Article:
Each year, during mud season, we plan. We begin to think about new options for physical space, upgrades to tools, decisions about expanding or contracting certain food categories, and along the way, we try to figure out how our sales will respond. As you can imagine, this past year has been a wild ride, with unexpected twists and turns. I have so much respect and admiration for our management team, who came together and figured out pandemic adjustments, again and again, displaying real teamwork and support for each other as we reacted and reformulated.
If nothing else, the challenge of surviving during the pandemic has taught us to prioritize, adapt and distill what is most essential. We’ve needed to re-examine and restructure how we live our lives – individually, locally in our community, and globally.
Darren and Sean Pierce grew up in Amherst, MA, and both attended Springfield College. They loved their upbringing in Western Mass filled with hobbies, playing sports, and attending concerts. After completing their degrees at Springfield College they both worked in the restaurant industry, most often as waiters and bartenders. Darren moved to San Francisco in the early 1990’s and while working as a bartender he started to learn about the specialty coffee movement, from both creating delicious offerings on an espresso machine and conversations with one of his regular customers.
Every year the Brattleboro Food Co-op invites its growers to gather and share their experiences with the BFC over the previous season. It’s our first sign of spring around here! This year, a dozen of our farm partners participated, our highest attendance ever! Turns out—as with a number of other discoveries we have made in this unlikely time—Zoom meetings are pretty conducive to farmers’ busy lives, and they were more than happy to join us without having to come down to the store.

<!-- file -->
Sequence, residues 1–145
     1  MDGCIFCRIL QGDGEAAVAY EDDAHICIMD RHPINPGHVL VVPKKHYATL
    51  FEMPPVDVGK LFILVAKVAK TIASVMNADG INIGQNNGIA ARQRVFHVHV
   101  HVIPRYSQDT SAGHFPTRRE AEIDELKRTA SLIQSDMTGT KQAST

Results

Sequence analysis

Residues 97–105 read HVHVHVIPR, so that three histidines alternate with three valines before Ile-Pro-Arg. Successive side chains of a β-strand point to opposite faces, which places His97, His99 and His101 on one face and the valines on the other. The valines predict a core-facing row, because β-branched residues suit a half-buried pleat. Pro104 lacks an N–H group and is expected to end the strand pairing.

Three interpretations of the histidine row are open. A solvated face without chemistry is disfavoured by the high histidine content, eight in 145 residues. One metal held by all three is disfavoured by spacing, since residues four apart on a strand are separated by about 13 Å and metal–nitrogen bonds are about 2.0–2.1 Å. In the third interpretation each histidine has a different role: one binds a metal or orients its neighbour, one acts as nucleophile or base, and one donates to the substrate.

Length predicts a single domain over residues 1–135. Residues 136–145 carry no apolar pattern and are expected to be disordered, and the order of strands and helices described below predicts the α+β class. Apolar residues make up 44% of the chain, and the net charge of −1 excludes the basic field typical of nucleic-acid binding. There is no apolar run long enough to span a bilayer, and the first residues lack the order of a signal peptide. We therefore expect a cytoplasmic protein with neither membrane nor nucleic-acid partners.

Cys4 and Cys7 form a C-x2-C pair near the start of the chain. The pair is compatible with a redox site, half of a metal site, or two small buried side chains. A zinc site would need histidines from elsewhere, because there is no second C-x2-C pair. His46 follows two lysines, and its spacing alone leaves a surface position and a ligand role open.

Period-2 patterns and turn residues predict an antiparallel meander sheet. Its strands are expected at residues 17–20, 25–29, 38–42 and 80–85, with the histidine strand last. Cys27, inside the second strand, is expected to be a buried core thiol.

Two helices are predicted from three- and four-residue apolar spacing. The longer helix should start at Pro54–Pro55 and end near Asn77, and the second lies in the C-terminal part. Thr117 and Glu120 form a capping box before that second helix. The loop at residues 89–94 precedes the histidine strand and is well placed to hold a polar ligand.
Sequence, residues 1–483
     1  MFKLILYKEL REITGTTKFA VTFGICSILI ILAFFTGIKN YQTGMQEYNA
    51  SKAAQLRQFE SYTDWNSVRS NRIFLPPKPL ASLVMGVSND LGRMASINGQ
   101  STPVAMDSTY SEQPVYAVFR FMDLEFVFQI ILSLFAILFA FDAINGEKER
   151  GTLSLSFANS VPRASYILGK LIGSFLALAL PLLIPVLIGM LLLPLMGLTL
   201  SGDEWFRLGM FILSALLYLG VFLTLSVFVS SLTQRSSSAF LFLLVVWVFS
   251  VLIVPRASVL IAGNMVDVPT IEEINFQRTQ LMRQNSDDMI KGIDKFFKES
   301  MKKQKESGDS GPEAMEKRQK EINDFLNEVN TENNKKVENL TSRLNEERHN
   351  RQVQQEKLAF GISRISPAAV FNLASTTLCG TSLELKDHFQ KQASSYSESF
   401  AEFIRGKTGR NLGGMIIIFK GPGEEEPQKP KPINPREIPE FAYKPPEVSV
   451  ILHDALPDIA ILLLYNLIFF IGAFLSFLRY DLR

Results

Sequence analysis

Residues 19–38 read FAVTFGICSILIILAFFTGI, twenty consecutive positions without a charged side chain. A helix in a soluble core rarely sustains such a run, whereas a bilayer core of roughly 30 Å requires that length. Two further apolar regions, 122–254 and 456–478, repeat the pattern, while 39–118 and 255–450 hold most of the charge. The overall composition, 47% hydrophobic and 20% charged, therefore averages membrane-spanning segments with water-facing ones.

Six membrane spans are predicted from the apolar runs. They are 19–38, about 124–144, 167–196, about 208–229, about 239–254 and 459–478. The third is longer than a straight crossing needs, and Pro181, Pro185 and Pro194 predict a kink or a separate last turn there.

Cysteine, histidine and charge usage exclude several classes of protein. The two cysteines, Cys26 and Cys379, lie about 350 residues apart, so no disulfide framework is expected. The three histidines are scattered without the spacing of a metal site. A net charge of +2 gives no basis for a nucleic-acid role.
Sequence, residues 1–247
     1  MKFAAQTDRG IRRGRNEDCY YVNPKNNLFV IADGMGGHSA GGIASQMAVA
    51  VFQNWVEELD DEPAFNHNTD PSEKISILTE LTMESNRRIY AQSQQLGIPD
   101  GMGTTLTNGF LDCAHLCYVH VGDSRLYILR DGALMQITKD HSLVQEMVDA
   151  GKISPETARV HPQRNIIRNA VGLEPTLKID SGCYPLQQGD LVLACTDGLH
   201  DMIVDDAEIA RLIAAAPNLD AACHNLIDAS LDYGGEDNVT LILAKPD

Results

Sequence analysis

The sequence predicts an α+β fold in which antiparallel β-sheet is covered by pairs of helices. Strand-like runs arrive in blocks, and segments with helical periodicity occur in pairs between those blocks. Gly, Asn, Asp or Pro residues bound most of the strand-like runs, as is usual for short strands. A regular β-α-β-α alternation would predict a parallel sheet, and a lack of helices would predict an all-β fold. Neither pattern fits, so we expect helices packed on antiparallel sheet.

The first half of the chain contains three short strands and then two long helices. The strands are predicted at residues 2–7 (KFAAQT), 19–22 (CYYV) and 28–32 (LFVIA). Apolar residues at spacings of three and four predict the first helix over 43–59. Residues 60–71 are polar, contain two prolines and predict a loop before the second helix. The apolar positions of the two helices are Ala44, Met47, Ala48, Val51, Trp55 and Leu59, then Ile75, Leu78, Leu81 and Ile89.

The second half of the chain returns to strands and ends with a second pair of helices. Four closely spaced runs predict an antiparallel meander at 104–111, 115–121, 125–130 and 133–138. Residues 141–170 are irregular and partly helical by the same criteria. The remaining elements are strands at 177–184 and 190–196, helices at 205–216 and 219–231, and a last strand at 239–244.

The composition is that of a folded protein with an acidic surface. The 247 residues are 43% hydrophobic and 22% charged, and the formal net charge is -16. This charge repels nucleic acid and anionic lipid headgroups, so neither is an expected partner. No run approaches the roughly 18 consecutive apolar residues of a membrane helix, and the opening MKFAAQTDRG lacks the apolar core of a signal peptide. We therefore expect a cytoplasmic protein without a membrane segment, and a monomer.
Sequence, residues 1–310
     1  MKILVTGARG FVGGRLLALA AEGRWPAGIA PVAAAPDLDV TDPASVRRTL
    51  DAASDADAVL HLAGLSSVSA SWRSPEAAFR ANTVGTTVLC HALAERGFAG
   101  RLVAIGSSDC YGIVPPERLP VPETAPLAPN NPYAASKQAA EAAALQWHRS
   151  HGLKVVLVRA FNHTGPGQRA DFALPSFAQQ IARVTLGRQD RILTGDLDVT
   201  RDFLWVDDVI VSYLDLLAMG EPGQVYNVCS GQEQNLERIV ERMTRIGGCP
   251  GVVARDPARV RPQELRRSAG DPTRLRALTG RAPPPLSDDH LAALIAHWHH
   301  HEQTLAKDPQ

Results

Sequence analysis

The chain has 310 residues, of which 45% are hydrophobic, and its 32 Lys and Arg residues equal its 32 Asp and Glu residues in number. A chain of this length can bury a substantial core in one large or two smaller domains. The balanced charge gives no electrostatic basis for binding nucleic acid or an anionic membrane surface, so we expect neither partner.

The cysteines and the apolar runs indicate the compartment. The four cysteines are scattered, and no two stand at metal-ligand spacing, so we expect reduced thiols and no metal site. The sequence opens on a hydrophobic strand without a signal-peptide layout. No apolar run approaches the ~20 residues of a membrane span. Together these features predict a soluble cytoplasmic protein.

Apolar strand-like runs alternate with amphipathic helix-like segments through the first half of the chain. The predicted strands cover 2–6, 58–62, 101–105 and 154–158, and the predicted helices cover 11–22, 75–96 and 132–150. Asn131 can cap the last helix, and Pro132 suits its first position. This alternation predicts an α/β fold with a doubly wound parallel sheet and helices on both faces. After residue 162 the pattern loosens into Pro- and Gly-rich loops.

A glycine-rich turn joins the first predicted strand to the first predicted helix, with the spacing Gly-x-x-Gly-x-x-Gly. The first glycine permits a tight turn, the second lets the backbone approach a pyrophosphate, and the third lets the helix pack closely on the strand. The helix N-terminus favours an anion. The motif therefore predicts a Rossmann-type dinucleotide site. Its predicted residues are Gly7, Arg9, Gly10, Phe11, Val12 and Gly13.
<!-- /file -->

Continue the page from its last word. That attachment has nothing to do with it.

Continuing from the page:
Deep in the woods of Dummerston, Vermont, you will find Mike Euphrat working on his sugarbush. Outfitted with a variety of tools, tubes, and taps he works to prepare, upgrade, and or check on his lines that deliver maple sap back to his evaporator on the Bunker Farm. The Bunker Farm is owned collectively by Mike, his wife Jen, her sister Helen, and Helen’s husband Noah. It is a multi-faceted farm in which Helen operates a nursery and private gardening business that focuses on rare and specialty annuals and perennials, Noah raises pastured chickens, pigs, turkeys, and cows for a meat CSA, and Mike manages their sugar bush and maple syrup business. It has been a large undertaking that has been tremendously rewarding.
I am currently recovering from a knee replacement, an unfortunate reminder that age and arthritis march along, regardless. This has occasioned me to be ever so grateful to our entire staff and to my colleagues on the management team, for allowing me to be offsite for several weeks in recuperation while things around the store continue to hum along at a pretty good clip.